2. Time is the nexus of suffering
Plain and simply, to be alive in time is to suffer. It is to inhabit our mortality, as well as both the psychological and physical pain that accompany it.
There are few (if any) forms of suffering that are truly disconnected from our experience of time. We could bear virtually any struggle or temptation for a moment or split-second; enduring a trial for any extended length of time is when it gets difficult. Even during seasons that are relatively pain- and struggle-free, we are dogged by the knowledge that things won’t last forever. One day we will die or something will give or things will dissolve. And then what? Even on our best days, we are powerless to stop the forward-moving tempo of time (chronos) and the changes it brings. “Nothing gold can stay,” Robert Frost once wrote, and not even Christ remained on Mount Tabor indefinitely.
We can choose to avoid the suffering of time by distracting ourselves, wasting our time, and generally living despondently. Or we may choose to face the vulnerable reality of our suffering, to “make the most of” our time as St. Paul says in his Epistle to the Ephesians, to take up the cross of temporality so that it might be fulfilled in eternity. If we choose the latter, the suffering of time becomes the path of our salvation.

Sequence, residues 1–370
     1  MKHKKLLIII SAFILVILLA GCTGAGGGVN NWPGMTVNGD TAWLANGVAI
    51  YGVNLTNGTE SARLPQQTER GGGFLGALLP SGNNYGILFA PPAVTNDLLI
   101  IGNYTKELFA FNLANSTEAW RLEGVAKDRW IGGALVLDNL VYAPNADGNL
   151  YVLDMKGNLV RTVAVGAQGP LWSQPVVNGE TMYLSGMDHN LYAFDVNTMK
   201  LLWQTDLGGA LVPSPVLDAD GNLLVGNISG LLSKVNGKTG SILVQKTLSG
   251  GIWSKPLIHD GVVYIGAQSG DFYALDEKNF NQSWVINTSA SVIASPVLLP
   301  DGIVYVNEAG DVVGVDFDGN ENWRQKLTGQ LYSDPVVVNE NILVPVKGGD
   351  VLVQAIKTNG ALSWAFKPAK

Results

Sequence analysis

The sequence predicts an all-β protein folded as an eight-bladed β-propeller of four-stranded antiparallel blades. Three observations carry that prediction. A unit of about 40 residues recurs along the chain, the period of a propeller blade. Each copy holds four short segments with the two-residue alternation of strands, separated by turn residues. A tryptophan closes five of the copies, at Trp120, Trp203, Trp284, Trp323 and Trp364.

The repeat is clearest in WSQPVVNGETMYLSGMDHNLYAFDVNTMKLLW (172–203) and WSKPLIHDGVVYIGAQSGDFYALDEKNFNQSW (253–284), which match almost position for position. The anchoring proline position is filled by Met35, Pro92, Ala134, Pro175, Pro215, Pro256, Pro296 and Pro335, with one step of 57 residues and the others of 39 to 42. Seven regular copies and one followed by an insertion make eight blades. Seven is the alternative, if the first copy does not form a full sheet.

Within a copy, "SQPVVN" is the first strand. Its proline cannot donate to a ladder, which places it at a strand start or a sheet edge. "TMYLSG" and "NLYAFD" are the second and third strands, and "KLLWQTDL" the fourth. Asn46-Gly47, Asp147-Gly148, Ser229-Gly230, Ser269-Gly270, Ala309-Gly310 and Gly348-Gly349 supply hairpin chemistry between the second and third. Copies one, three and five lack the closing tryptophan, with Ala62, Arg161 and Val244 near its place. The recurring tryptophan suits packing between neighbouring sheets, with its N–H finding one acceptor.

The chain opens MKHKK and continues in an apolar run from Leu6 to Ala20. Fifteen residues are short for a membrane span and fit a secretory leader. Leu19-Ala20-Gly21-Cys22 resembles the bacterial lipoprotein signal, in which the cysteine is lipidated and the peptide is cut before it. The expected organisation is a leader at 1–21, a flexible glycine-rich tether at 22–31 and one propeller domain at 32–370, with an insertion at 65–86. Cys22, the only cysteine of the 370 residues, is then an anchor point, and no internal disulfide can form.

3. Time’s center is the Cross
Building on all of these ideas, Rossi suggests that the Cross is the life-giving center of historical time:
An Orthodox view of time is cruciform. All events that happened before the Cross, for the Christian, led up to the Cross. All. Subsequently, all events after the Cross are defined by the Cross and look back to the Cross for meaning. So the Cross is the center of time; it magnifies and gives perspective to time. […] Time has a depth and profundity for Christians that the philosophers and the secularists can’t grasp, because it is all based in Christ and His saving action for us on the Cross.
What this means is that all of time is somehow tranfused with salvific content. It is transfigured. It is no longer merely an ever-hastening force against which we are powerless–we learn, in the Cross, the silent power of surrendering, of emptying ourselves. This redeems our relationship to time because it teaches us to reliquish our insistence on controlling our time, mortality, and hardships:
For Orthodox Christians, time— for example, 2:30 in the afternoon on a Tuesday—is basically a spiritual issue. It’s not about the control of our time but the surrender of it. We begin by saying that time is a gift from God that we are called to accept and use properly. Like all other gifts of health, friendship, and breath, we cherish time as a great gift bestowed on us by a loving God.
What are the implications of this for our lives? It means, among other things, that time is not our enemy. We can bring a degree of freedom and spaciousness to time when we allow our hearts to be softened rather than hardened by the suffering of time. Will we surrender our need to control time at all costs, to control the life we live in time? Will we turn toward God with thanksgiving? Will we be grateful, wakeful caretakers of the time we are given? These are questions it will take our whole life-time to learn and answer.
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How do you live time in the shape of the Cross? Let me know here or on Facebook!